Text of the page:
A Dive for All Seasons: Scenes from Old Town Bar

Photographer Liz Barclay turns her lens on one of New York's oldest (and best) dive bars.

  • old town
  • oldtown_1
  • old-town-bar-scene_21
  • oldtown_40
  • old-town-bar-scene_42
  • old-town-bar-scene_44
  • old-town-bar-scene_12
  • old-town-bar-scene_43
  • old-town-bar-scene_22
  • old-town-bar-scene_49
  • old-town-bar-scene_36
  • old-town-bar-scene_50
  • old-town-bar-scene_32
  • old-town-bar-scene_16
  • old-town-bar-scene_27
  • old-town-bar-scene_55
  • oldtown_30
  • oldtown_13
  • oldtown_10

All photos by Liz Barclay (@liz_barclay)

In a city where real-estate developers consistently out-gun preservationists, places like Old Town Bar are worth treasuring. Opened in 1892, the tile-floored saloon was originally a lynchpin of a thriving German community in the Flatiron district. While a lot has changed since then, Old Town never lost its throwback bonafides, ignoring shifting fashions in favor of the things that have made bars great since time immemorial: lively regulars; good, honest food; and bartenders well-versed in the art of real talk.

Old Town doesn’t have the feeling of a rickety old watering hole, but it’s packed with details that speak to its age. The 55-foot-long, mahogany-and-marble bar has been there since the beginning; other original features include the 17-foot-high tin ceilings, a working dumbwaiter, and the iconic neon sign hanging outside. It’s had its share of pop-culture fame, as well: Many people recognize it from the intro to Late Night with David Letterman when the show was on NBC, but at this website, we’re more impressed by its role in House of Pain’s “Jump Around” video.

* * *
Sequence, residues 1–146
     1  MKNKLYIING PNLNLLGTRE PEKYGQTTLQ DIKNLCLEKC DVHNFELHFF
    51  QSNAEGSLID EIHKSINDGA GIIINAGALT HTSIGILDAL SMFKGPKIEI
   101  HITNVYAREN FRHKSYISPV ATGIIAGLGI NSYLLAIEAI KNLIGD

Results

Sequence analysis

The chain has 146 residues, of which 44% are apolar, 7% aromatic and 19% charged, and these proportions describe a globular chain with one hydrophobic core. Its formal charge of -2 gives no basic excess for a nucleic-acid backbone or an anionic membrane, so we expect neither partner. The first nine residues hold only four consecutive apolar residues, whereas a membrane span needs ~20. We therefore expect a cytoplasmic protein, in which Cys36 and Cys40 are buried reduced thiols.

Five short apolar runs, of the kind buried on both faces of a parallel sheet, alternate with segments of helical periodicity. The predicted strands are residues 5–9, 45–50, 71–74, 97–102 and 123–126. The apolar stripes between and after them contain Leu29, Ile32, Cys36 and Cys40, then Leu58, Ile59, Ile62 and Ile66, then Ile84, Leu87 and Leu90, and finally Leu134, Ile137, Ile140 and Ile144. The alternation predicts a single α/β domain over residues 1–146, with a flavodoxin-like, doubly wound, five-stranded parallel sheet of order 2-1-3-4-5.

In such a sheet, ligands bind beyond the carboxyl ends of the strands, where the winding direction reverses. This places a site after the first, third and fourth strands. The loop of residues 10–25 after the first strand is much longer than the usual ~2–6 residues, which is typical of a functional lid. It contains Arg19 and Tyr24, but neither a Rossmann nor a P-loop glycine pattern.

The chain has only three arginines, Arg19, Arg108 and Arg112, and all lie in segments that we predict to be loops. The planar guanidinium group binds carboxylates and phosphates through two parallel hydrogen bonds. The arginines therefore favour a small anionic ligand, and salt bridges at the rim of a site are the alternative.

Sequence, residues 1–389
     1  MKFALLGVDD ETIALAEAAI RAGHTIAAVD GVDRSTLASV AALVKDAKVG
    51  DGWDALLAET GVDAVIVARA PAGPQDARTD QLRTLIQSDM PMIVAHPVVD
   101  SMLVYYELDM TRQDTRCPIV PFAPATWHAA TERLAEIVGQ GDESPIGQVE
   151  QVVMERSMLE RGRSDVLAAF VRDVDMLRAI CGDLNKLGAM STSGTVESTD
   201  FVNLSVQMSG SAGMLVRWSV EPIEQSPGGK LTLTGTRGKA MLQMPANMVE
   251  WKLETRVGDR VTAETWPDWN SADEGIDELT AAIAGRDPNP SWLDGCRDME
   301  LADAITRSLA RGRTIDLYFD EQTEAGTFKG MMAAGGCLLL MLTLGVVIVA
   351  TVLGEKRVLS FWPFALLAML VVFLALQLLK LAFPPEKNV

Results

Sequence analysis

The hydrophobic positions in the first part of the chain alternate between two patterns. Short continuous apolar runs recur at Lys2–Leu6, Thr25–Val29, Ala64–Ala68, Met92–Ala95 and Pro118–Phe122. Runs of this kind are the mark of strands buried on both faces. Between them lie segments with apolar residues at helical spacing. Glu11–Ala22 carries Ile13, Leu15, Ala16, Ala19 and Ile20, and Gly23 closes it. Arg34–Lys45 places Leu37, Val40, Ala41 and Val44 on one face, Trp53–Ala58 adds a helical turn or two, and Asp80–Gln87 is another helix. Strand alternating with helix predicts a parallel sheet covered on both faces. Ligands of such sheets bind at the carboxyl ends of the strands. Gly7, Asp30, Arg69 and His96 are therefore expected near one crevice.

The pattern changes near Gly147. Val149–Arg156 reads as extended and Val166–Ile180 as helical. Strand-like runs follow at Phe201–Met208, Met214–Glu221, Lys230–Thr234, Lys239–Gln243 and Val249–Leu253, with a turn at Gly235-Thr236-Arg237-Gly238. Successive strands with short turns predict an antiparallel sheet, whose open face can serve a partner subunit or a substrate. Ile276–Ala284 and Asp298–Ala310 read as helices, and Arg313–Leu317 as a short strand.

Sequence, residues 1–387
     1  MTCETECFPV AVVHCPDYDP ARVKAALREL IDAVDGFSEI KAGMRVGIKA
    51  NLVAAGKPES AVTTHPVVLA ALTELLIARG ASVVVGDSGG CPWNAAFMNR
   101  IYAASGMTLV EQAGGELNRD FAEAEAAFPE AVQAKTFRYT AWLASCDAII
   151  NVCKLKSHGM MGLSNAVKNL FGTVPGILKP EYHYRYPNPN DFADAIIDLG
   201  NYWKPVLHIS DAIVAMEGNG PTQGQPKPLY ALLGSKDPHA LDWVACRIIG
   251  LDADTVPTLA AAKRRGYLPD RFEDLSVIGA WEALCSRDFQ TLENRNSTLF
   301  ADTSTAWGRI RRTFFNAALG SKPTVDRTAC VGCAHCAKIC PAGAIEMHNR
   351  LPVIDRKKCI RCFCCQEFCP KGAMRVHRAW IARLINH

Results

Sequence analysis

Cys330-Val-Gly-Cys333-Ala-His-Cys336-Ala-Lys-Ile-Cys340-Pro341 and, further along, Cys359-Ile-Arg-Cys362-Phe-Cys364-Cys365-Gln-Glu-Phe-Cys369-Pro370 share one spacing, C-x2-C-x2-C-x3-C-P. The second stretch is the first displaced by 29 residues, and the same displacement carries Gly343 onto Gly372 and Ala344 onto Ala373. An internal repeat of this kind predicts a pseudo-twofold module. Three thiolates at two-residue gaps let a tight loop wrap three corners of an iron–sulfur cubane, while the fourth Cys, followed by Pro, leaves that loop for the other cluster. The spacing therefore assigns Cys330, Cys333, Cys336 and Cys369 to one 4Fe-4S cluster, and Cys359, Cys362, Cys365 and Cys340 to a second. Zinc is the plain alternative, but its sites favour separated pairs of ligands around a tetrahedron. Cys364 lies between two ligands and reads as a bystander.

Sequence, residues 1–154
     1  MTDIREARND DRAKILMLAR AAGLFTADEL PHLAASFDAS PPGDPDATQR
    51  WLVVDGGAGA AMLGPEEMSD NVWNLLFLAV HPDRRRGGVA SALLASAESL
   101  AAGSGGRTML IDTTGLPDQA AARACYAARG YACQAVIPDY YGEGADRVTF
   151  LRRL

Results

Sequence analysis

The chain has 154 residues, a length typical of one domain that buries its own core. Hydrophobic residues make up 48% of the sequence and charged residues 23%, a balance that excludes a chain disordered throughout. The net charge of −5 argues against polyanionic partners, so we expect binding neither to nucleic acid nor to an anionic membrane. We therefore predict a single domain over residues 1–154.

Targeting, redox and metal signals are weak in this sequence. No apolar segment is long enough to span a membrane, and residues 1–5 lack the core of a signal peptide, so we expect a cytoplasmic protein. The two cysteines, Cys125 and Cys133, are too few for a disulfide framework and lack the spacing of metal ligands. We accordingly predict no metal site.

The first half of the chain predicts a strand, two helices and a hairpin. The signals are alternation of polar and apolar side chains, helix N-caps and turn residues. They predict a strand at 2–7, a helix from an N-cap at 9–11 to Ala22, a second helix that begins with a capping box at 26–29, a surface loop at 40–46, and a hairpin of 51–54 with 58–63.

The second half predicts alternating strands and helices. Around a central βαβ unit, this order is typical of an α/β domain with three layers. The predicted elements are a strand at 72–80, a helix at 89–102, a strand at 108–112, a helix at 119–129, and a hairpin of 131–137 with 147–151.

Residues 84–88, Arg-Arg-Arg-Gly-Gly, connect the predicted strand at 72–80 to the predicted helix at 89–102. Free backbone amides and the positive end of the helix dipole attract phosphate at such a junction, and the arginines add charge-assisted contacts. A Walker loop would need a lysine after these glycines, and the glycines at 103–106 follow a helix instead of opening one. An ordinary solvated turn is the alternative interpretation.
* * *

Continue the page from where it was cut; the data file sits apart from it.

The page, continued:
Old Town never lost its throwback bonafides, ignoring shifting fashions in favor of the things that have made bars great since time immemorial.

Amid an increasingly stratified drinking scene, Old Town also stands out for its diverse clientele: old dudes with epic beards (see above), tie-loosening office workers, bedraggled writers, tourists, and everyone in between. Order a Scotch highball, and don’t be afraid of the bar food—the scored all-beef Sabrett with beef-and-bean chili remains one of the city’s best hot dogs—and the excellent wings, doused liberally with Frank’s hot sauce. Caveat emptor: Asking how many wings come in an order is a sure way to get the side-eye from a bartender—it’s random, and there will be no negotiating.

The bar’s appeal is timeless and democratic, but gents do get a special treat: The porcelain Hinsdale Urinals in the men’s room celebrated their 100th birthday in 2010, and they are a thing of beauty.

Click through the gallery above to see scenes from Old Town Bar, a true New York classic.

Newsletter

Feed your inbox.

Subscribe